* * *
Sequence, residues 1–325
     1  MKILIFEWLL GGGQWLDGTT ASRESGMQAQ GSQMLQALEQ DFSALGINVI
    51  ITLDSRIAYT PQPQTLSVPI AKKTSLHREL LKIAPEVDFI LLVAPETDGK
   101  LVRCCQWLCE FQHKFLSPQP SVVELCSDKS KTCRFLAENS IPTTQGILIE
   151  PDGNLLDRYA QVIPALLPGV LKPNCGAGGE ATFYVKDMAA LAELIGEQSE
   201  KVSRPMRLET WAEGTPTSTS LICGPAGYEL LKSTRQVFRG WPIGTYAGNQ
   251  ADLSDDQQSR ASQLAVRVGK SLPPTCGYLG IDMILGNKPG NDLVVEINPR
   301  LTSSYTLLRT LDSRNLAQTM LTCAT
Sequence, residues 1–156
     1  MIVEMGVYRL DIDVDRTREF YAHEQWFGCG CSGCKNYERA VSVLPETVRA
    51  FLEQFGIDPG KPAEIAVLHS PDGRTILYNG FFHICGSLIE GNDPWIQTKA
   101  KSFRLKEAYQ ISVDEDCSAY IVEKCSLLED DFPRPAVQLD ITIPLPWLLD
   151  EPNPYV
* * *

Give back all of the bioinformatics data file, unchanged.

Sequence, residues 1–325
     1  MKILIFEWLL GGGQWLDGTT ASRESGMQAQ GSQMLQALEQ DFSALGINVI
    51  ITLDSRIAYT PQPQTLSVPI AKKTSLHREL LKIAPEVDFI LLVAPETDGK
   101  LVRCCQWLCE FQHKFLSPQP SVVELCSDKS KTCRFLAENS IPTTQGILIE
   151  PDGNLLDRYA QVIPALLPGV LKPNCGAGGE ATFYVKDMAA LAELIGEQSE
   201  KVSRPMRLET WAEGTPTSTS LICGPAGYEL LKSTRQVFRG WPIGTYAGNQ
   251  ADLSDDQQSR ASQLAVRVGK SLPPTCGYLG IDMILGNKPG NDLVVEINPR
   301  LTSSYTLLRT LDSRNLAQTM LTCAT
Sequence, residues 1–156
     1  MIVEMGVYRL DIDVDRTREF YAHEQWFGCG CSGCKNYERA VSVLPETVRA
    51  FLEQFGIDPG KPAEIAVLHS PDGRTILYNG FFHICGSLIE GNDPWIQTKA
   101  KSFRLKEAYQ ISVDEDCSAY IVEKCSLLED DFPRPAVQLD ITIPLPWLLD
   151  EPNPYV